English wood-carver and potter. He joined the Doulton Ceramic Factory in Lambeth in 1867, and remained there for the rest of his life. His work in wood included collaborations with the architect George Edmund Street (1824–81) in the crucifixion panel for the reredos at York Minster (1876) and 28 panels for the Guards’ Chapel in the Wellington barracks in London (1878, now mostly destroyed). His other commissions in wood included panels in the pulpit and reredos of the English church in Copenhagen.

Tinworth’s work in pottery, mostly in stoneware, included decorated pots, plaques with religious themes and many figural subjects. He is now best known for his figures, which included children (especially boy musicians) and animals (especially mice and frogs). These figures are now collected by individuals and museums (e.g. London, V&A and the Royal Doulton Collectors’ Centre in Burslem. Of his pots, the best known is the ...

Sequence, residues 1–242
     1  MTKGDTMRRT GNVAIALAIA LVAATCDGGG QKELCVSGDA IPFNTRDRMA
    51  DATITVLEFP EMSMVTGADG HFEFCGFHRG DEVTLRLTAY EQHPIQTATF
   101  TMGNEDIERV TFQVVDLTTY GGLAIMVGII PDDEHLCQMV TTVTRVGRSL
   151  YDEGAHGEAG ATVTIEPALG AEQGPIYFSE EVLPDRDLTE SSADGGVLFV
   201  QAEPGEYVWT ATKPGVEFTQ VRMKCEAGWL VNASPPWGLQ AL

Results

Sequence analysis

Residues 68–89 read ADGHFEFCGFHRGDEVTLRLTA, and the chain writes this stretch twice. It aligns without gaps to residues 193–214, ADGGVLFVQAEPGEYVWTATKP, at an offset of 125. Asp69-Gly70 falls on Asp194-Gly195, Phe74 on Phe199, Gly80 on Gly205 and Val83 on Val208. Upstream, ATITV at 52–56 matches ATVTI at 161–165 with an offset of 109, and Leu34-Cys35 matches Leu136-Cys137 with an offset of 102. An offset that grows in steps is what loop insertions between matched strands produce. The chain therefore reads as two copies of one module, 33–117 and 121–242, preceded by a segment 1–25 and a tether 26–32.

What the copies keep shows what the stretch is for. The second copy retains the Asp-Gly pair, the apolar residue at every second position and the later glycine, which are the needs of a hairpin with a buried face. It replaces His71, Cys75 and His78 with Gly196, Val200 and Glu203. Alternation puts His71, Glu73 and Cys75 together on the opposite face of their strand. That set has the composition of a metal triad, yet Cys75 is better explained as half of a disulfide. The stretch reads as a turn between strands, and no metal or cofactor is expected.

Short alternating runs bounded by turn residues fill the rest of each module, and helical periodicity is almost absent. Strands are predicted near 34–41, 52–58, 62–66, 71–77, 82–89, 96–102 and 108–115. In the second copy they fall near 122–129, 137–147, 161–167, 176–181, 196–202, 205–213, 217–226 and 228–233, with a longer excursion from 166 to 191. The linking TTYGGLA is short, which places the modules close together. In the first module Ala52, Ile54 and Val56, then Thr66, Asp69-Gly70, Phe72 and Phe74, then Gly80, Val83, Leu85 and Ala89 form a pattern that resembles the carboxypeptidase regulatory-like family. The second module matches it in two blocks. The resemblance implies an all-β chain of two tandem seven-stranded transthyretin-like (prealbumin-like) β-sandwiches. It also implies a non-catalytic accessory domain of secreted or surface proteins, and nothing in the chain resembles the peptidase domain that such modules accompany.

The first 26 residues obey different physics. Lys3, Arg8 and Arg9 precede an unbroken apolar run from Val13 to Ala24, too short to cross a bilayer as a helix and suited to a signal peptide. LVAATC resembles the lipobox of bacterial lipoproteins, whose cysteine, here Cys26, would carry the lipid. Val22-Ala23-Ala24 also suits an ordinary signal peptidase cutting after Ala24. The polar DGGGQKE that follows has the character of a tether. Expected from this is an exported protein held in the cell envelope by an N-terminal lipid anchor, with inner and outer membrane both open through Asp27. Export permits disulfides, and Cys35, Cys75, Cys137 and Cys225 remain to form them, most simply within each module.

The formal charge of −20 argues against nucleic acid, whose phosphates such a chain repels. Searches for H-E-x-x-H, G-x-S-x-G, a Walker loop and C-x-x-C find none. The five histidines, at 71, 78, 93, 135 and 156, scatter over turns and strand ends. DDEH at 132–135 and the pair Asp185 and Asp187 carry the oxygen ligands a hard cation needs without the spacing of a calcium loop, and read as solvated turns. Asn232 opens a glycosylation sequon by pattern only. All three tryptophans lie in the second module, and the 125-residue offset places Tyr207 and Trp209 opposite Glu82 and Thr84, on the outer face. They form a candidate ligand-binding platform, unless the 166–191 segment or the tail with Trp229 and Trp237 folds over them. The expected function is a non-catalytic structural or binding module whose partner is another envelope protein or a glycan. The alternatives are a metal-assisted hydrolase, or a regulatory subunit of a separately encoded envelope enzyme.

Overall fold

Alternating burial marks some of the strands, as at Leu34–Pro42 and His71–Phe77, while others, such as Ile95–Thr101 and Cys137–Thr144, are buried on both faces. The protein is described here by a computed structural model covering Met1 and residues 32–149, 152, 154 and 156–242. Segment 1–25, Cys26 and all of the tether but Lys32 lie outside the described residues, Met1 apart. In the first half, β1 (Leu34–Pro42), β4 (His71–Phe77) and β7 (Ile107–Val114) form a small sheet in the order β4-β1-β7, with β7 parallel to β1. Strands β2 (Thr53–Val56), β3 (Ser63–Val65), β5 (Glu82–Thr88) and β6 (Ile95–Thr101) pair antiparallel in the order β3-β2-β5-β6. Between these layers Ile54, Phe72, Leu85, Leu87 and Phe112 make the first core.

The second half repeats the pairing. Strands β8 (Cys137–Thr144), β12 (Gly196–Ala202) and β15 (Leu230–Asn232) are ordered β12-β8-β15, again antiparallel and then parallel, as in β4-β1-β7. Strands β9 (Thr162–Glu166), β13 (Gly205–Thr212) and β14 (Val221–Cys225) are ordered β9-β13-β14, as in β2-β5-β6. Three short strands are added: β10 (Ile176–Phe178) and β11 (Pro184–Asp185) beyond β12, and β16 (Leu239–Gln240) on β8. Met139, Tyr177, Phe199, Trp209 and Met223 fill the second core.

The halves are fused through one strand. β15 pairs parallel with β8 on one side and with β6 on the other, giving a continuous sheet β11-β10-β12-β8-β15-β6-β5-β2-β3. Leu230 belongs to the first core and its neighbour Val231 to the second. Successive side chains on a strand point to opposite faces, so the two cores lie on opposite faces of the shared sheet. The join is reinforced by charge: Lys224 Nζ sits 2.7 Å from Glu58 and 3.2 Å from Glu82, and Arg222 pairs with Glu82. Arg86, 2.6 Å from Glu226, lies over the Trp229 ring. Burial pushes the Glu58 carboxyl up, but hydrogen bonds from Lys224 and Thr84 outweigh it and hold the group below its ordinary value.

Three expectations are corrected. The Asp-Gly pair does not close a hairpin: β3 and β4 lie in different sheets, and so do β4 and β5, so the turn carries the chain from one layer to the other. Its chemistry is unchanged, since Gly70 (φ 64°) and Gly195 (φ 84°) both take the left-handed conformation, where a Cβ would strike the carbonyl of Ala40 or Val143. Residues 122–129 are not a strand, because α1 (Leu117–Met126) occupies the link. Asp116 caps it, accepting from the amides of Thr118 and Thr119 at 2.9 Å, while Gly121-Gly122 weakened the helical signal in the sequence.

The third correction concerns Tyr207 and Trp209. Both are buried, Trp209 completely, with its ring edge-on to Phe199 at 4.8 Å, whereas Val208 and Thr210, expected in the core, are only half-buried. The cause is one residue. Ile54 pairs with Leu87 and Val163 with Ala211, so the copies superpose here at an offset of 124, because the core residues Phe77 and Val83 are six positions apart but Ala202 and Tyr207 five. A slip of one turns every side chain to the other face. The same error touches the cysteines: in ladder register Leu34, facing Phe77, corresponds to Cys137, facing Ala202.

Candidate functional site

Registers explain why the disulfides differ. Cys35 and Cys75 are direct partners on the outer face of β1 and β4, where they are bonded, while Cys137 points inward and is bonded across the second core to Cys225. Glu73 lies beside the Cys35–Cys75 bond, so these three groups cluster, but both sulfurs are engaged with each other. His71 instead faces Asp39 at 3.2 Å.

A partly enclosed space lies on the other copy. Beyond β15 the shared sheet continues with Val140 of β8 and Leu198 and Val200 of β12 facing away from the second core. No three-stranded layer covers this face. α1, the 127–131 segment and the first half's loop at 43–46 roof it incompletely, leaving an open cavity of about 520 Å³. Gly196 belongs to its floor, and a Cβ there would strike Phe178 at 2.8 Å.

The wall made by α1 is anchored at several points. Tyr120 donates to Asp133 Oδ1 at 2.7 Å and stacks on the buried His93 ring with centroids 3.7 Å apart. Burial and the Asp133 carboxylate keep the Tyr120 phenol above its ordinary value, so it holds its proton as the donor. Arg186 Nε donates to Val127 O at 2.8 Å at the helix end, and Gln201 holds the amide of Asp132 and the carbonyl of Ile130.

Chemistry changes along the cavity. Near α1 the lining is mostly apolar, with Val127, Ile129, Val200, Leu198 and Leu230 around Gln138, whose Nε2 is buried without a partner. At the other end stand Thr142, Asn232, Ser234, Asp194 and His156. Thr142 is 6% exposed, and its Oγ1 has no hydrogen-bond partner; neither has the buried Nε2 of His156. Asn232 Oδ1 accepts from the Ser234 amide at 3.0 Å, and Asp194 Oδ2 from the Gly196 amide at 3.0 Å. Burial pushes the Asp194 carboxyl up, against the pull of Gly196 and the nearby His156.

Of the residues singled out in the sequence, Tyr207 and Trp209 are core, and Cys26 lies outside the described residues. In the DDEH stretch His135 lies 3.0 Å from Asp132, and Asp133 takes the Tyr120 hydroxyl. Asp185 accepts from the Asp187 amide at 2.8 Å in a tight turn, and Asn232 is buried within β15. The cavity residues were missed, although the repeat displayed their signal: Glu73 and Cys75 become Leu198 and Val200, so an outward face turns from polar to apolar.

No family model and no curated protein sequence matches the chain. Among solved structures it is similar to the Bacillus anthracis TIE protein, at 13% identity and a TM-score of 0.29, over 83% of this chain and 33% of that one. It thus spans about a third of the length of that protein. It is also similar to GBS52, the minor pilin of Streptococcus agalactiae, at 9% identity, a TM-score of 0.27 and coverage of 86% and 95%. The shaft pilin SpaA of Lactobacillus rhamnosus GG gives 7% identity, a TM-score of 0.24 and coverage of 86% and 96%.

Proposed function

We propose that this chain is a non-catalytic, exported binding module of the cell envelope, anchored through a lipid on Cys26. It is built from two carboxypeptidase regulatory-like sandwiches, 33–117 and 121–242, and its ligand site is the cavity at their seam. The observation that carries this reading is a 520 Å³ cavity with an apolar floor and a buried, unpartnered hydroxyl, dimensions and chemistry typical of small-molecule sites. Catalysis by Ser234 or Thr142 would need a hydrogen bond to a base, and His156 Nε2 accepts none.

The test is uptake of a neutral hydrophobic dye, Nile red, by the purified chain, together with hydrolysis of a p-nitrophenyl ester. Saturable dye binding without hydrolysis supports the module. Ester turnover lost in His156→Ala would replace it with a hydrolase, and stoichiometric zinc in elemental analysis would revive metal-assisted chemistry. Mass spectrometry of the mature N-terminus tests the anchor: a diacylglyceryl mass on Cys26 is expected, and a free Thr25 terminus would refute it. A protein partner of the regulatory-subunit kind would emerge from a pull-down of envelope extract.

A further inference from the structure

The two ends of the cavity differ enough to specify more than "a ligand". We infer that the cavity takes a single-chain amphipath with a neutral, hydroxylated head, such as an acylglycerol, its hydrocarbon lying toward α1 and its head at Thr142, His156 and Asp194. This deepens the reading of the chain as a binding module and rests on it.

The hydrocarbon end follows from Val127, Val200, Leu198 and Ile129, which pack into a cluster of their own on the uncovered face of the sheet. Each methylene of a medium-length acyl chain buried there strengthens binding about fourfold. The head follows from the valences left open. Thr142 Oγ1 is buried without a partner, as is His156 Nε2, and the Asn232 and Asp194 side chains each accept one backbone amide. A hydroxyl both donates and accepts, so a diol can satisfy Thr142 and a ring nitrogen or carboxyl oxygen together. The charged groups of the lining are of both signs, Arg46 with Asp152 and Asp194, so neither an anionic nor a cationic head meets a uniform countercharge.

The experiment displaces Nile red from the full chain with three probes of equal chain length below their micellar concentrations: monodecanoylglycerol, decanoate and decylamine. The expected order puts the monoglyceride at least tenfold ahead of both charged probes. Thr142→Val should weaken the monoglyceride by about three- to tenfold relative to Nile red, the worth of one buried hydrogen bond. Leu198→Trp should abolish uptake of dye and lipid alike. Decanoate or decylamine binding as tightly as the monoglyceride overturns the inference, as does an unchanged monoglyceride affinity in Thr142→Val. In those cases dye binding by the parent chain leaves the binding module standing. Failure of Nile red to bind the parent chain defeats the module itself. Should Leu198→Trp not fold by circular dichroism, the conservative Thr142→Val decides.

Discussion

Article

Leila Krogh

(b Copenhagen, Sept 7, 1863; d Cannes, April 4, 1958).

Danish painter, printmaker, sculptor, ceramicist, architect and collector. He studied from 1881 at the Kunstakademi in Copenhagen and in 1886 at Peder Severin Krøyer’s Frie Skole there. His style changed radically during his travels in France and Spain (1888–9) and during a stay in France, where he met and exhibited with French artists, including Paul Gauguin. In Brittany he painted several scenes of local people, similar to Gauguin’s work of this period, for example Two Women Walking, Brittany (1890; Frederikssund, Willumsens Mus.). In such works Willumsen emphasized the element of vigorous movement. From the start of his career Willumsen also made prints (etchings from 1885, lithographs from 1910 and woodcuts from 1920): early, more realistic works, such as the Copenhagen townscape of Woman Out for a Walk (1889) soon gave way to a bolder, more Symbolist approach, as in Fertility (1891), which showed his wife Juliette in an advanced stage of pregnancy and raised a storm of protest when exhibited at the Copenhagen Frie Udstilling (Free Exhibition), which Willumsen and others had founded. His major work from this period is ...